Boondoggle in Progress?

When the sad story is written about how America got into its latest economic mess, and some accounts have already helped shed some light on it, a common denominator will be how government interference in the private economy helped bring it about.

That’s why I take no comfort in the fact that U.S. Senator Christopher Dodd, who contributed to the last meltdown with his refusal to reform Fannie Mae and Freddy Mac, the government’s massively mismanaged mortgage arms, is taking the lead in preventing the next one. Lord help us.

The Senator is on his way out of Congress in part because of his role in this calamity. He’s so unpopular in Connecticut, he decided to retire rather than face the voters this fall. Maybe the fact that he’s no longer accountable to the electorate is not such a good thing, for he has produced a bill that may have some redeeming features, but if we’re asleep, it may also set the stage for more financial irritation.

My cynical shell has become even more hardened after reading Peter Schweizer’s “Architects of Ruin,” which chronicles how housing activists and politicians pressured banks, via protests and legislation, into making ill-advised home loans. Fashioning themselves as modern day Robin Hoods — John Dillinger would have been more appropriate — they had some very powerful, politically correct leverage in framing the issue as rich bankers versus the poor.

There was only one flaw in their calculus: those really were the savings and checking and small business accounts of middle class people they were putting at risk to conduct social engineering. It’s not the top 5% of bank depositors that we should be concerned about, it’s the lower to middle 50% or 60% who can’t afford to have their bank close or default.

Wall Street banks and investment houses, some of them part of the revolving door between government and the financial sector, got into the act. They made out like bandits by helping to finance more home than people could afford; but instead of suffering the consequences when home values tumbled and those loans became “toxic assets,” they got bailed out. Millions of Americans lost their jobs in the carnage that followed.

Which brings me to the question of whether we should trust Dodd or anyone else in today’s political class to get this right. Dodd’s career is close to an end because he got special mortgages from Countrywide Financial, now Bank of America Home Loans, a favor that saved him thousands of dollars. Worse yet, he consistently looked the other way on Fannie and Freddie despite ample evidence that they were financial train wrecks. Yet another bailout ensued.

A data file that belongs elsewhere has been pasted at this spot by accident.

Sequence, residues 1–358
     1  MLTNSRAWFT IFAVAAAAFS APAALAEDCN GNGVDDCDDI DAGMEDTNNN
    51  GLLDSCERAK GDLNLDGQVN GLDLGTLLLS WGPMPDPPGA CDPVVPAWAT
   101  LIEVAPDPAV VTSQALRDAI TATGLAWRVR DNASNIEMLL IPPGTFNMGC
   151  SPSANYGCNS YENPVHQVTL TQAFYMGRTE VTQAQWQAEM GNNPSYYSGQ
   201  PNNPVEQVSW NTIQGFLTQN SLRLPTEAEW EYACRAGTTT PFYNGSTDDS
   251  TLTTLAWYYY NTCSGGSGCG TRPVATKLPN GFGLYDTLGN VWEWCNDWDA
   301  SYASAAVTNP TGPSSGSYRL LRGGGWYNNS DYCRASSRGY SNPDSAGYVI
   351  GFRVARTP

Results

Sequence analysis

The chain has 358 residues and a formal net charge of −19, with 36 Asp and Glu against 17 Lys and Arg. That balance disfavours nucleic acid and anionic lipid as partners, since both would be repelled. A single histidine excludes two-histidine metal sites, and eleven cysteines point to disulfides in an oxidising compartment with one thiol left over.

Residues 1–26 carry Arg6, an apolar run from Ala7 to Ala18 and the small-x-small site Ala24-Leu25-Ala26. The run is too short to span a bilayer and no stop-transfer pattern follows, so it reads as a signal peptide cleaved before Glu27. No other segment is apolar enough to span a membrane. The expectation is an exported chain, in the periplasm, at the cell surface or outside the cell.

Now he apparently wants to make amends by ending “too big to fail.” Well, fine, but how about recognizing “too corrupt to govern?”

Some parts of his bill sound sanguine enough. It would establish an oversight council to watch for potential threats, create a mechanism to shut down failing firms, and regulate the complex derivatives that helped pour gasoline on our financial fire. The good news is that an actual bankruptcy process would replace the bailout culture, forcing financiers to suffer for their screw ups.

If that’s truly the case, Hallelujah!

The biggest problem I see is the way the bill politicizes the Federal Reserve by giving the President the power to appoint the New York Fed president (at the moment, reserve-bank presidents are chosen by their boards and directors). Normally, I’m all for chief executives appointing the heads of government agencies, but after the government meddling we’ve just witnessed, the potential for mischief is very real.

Adding to my discomfort is the fact that U.S. Rep. Barney Frank, who was Dodd’s partner in Fannie and Freddie crime, has written a financial reform bill in the House.

These are the men who are supposed to inspire confidence? Perhaps we should put the nation on boondoggle alert.

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